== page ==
On our way out of town, we made a detour to the north end of Hoy to drop Herr Schmidt off at his home in one of the last WKs built before the GDR ended. Erected in the 80s, these pose a real challenge to the town’s planners as they increase its footprint in a way that stretches municipal services to the limit. Ideally, planners would like to see Hoy consolidate itself around the New Town core to create the densities necessary for urban infrastructure (sewage, water, public transit), however, the relative newness of these WKs means that their units are still completely liveable while the fact that they’ve not been renovated makes rents quite low. Compounding the problem, a number of essential services were put in here (fire hall, swimming pool) in the early years after unification so winding down the residential areas around these would make no sense. This is the circle the town is trying desperately to square. It was interesting to see this area as it is quite different from the larger GDR-era prefab districts I’d seen such as Berlin-Marzahn or Leipzig-Grünau. Here the buildings really were built right on top of each other, the roads are very narrow (confirming that car culture was not a driving force in planning this). While people are live cheek to jowl, there was a feeling of street life and community here that seemed to be lacking elsewhere in town. Interesting.”
Before posting this, I asked my collaborator on the tour Marcus Funck whether he had any memories of our day in Hoy that he’d like to share. Here is what he came up with:
“What I found so remarkable was our hosts’ will to present Hoyerswerda as a “normal” town to the group. In my perception they did not deliberately try to be mute about the town’s infamous recent past as a hotbed of right-wing extremism and site of anti-foreigner pogroms. But they didn’t want to see their town reduced to this.
The group of maybe ten people that guided us through town was remarkably lovely and welcoming. What I asked myself was if they were the only ones? I hardly remember seeing other people in the streets in the windows of their apartments etc. Am I right recollecting that Hoyerswerda felt like a ghost city with handful of people trying to give some life to it?”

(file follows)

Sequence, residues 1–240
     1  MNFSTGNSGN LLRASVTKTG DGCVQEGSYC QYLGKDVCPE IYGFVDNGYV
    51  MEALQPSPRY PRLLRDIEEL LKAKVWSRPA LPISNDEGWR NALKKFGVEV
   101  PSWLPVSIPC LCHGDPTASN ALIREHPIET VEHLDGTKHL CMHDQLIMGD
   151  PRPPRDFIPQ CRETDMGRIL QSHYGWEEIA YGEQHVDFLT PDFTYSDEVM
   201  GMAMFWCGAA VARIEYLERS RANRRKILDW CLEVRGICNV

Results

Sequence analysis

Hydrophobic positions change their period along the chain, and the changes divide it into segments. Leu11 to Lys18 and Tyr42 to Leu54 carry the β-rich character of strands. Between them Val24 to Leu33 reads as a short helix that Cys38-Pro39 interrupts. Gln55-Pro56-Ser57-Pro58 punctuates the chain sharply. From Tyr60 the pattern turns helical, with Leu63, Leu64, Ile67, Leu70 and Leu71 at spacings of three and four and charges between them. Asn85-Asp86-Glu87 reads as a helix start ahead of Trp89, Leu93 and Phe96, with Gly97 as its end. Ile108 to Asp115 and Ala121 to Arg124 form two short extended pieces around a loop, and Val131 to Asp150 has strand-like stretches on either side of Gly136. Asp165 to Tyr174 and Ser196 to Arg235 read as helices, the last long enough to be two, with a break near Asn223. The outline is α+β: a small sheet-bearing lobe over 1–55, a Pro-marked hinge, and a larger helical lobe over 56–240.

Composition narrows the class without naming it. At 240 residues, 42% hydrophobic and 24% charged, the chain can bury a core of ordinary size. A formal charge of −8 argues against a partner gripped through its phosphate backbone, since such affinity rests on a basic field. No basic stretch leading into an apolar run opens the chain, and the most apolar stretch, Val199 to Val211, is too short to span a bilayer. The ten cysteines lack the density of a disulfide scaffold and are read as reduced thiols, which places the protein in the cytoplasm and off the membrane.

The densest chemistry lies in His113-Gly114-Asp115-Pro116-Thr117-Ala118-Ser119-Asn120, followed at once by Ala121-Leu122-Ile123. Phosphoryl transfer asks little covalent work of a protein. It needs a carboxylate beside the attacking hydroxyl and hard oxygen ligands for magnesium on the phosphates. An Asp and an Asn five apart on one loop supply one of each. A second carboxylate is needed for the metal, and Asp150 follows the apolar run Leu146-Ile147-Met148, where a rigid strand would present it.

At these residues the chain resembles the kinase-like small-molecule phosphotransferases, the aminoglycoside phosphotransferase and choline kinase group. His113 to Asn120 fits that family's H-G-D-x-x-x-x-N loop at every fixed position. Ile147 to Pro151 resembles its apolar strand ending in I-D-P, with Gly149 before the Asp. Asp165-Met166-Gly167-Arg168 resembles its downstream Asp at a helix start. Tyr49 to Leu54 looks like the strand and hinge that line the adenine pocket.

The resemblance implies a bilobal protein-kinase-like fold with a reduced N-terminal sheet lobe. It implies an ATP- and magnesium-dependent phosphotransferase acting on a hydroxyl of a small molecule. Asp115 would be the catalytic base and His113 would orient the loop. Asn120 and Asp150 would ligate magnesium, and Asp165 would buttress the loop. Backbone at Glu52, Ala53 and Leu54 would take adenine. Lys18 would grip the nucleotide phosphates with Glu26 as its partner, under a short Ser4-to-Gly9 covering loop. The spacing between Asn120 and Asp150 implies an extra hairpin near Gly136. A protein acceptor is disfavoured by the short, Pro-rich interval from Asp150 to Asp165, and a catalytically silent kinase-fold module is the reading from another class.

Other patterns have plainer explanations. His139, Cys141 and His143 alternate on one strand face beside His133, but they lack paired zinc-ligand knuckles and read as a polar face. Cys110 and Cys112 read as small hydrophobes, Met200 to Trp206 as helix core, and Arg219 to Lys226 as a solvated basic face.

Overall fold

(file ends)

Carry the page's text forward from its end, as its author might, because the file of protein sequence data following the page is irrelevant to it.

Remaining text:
I’d have to answer this question with a nod. On both my visits to the town, I’ve had this same sense of wandering through some sort of set. In fact, I think this quality probably helps contribute to the soft spot that Hoy has in my heart for because this emptiness makes it easier for me to see in it the prototypical East German town that I so desperately want it to be. Walking through the WKs of Hoy is somewhat akin to strolling through a full scale architectural model of the GDR, the Bauhausian lines and general rationality are left essentially undisturbed by anything as messy and disruptive as actual humans living their messy and disruptively human lives.
Postscript: Fall 2014 – “Hoyerswerda Remembers” – A Town Struggles to Free Itself from the Past
Its been nearly 24 years since the anti-foreigner pogroms took place in Hoyerswerda and despite the efforts of many in the town, this past continues to colour its present. In the fall of 2014, after years of wrangling, the town dedicated a new memorial to the events of 1991. Pictured above, this monument stands in the town’s new Central Park and bears the inscription “Hoyerswerda does not forget. We remember. Fall 1991.” Reaction among townspeople has been muted at best, hostile at worst. Well-known neo-Nazis attended the dedication ceremony, posing provocatively for media cameras. The news reports on the event were quickly augmented with scores of vile comments from some residents, something that was quickly reported on separately and which served to further undermine Hoyerswerda’s negative reputation.